For starters, there’s the really creepy cell phone ringtone. I don’t know where the creatives came up with this, or borrowed it, or whatever, but it’s effective. The first time I heard it again, I was instantly on edge. Under my skin. Each of the other times it played also managed to get me to react. For a bad film like this to achieve even that, it’s at least got one slight positive to it. There’s also something disturbing about how technology could be so evil and menacing, you know, in that similar way “Pulse (2006)” is. But, none of that matters, as that can’t make the overall experience worth it. It’s like sitting through a terrible TV show just for one character.

Then there’s just the general creepy atmosphere and plot, complete with disturbing images that don’t come with a reason for existing. Yes the characters say they’ve been seeing creepy things, but why? As we learn later, the little girl died and had certain sounds and images with her, which come back to haunt the victims, but nothing about creepy ghostlike people. If you scare really really easily, like some seven year old might, then this is good, but if you’re older than 10, it’s just sad. All I ended up thinking was how I’d have a hard time looking at random people on the street. Any one of them could turn ghostlike.

Setting all this aside, which again isn’t much, and all you’re left with is some lazy, non-scary paint-by-numbers film. I’ve come up with a new title for it, or some sort of category. I’ll refine it and get back to you. I call it, jump scares and noise. That’s all this film is. Jump scares and noise. Nothing was even well set up. There was no true reward for what you gave. Cheap gimmicks. At some point, which is even sadder than I thought it could be, I noted that I was bored. I was bored? Oh that’s bad. But it’s not that surprising when you think of the fact that here wasn’t anything keeping your attention to begin with.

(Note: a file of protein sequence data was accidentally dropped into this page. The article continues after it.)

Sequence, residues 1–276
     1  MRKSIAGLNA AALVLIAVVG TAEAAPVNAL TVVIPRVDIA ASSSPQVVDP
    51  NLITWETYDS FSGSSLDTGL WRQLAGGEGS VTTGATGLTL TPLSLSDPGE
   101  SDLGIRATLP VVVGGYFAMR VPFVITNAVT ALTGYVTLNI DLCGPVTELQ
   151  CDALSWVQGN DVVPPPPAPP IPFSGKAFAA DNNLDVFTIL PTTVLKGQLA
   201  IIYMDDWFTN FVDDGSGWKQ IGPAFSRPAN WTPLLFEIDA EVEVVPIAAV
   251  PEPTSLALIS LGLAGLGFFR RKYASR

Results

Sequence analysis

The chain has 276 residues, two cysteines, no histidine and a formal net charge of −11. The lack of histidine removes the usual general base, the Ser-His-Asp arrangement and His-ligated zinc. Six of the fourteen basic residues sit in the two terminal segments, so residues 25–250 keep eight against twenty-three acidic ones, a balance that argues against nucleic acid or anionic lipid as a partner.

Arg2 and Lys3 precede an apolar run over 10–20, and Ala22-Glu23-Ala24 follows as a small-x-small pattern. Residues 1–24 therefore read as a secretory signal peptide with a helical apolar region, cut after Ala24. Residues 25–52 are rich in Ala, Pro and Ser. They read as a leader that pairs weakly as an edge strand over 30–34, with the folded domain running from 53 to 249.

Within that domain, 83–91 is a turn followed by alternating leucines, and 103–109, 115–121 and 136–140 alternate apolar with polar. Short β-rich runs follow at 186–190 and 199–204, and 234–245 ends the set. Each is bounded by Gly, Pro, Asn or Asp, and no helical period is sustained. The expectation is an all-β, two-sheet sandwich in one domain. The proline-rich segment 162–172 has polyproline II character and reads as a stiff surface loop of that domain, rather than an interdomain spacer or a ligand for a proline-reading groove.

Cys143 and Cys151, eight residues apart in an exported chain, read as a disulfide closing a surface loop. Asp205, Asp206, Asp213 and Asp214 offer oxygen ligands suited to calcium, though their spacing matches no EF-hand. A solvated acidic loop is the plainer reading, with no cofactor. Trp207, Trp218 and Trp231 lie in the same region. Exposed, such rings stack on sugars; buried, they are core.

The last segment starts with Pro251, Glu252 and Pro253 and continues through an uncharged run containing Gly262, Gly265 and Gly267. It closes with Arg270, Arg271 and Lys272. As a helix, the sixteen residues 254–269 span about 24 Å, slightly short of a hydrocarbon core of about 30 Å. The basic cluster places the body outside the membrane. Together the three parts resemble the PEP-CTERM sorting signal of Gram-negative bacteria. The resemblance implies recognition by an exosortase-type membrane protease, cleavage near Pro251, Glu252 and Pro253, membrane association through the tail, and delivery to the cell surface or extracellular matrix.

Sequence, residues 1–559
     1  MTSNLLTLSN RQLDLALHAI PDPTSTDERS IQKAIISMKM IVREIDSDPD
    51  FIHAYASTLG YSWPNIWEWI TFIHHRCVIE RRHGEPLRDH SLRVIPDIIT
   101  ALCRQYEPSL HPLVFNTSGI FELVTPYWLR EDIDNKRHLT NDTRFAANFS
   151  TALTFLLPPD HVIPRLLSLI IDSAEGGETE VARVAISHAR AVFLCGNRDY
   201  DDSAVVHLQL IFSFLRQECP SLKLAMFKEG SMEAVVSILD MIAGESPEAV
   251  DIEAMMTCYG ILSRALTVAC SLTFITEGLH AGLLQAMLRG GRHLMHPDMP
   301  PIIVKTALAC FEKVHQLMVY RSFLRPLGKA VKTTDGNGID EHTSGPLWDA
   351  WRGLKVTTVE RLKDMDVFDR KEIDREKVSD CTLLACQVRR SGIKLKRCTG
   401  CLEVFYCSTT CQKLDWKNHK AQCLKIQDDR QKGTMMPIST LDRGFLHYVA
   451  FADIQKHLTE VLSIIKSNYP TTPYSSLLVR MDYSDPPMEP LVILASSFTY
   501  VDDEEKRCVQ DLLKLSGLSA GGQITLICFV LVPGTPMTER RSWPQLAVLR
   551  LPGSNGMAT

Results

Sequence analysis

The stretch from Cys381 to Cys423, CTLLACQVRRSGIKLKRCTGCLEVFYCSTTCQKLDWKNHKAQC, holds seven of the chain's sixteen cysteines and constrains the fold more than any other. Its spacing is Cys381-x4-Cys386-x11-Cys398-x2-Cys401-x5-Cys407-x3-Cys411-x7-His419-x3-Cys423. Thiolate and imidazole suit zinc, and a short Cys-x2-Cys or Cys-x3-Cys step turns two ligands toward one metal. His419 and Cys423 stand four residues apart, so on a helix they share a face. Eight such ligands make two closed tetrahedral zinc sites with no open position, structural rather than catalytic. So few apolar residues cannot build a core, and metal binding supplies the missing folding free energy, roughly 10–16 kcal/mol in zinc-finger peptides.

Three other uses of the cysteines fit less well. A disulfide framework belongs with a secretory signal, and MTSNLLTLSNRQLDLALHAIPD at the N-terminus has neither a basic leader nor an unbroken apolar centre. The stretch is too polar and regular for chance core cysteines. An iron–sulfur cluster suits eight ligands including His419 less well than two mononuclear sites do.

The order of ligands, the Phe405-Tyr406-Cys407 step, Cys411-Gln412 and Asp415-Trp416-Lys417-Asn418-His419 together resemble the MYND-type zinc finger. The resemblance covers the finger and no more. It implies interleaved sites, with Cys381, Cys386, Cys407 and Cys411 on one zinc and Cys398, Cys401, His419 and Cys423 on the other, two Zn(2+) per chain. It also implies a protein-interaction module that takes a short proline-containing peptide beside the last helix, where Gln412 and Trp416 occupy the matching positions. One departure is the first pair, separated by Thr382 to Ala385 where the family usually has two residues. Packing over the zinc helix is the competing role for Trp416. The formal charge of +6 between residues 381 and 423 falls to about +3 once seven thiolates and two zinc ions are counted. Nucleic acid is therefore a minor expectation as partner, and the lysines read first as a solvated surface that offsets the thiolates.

How could there be? This film followed a formula so well, I’m surprised I didn’t see a research montage going on, or any kind of montage for no apparent reason. There’s always a montage! Or so I thought. There was, however, research. Characters in search of the truth, so they can break the cycle and resume living a life where they’re not even remotely shaken or in need of psychological counseling. Granted most of what they’d share would land them in the nuthouse. What makes this even sadder, unlike with “The Ring”, I didn’t care to find out anything. Little girl survives a fire, the mother was mean, other crap, not at all interesting. Perhaps it’s the way it was presented. It didn’t draw you in. You just saw it and went with it, but that’s it. It wasn’t even really an attempt at making the film interesting. Much like with the character back stories, which may have existed, it all fell flat. In so many ways, I just wanted everyone to die. Let the spirit win! It’d be a much more interesting story outcome than the one I got.

Who would’ve thought that there could be a worse trend or sub-genre of horror than Torture Porn or Found Footage? I certainly didn’t. And while I may have just now posed the question, and am ready to believe that this film trend or sub-genre is the worst, I don’t fully believe it. Torture Porn is pretty bad, as is Found Footage. Maybe they can all tie for first. While this Japanese horror remake trend has long since died, and only remnants remain, for those who seek out such awfulness, we can all take comfort. There aren’t any more. Remakes, as it turns out, no matter the type, are dreadful. A waste of time and effort, and that’s before the viewers sit down to watch. One aspect of remakes has died, hopefully the other does too.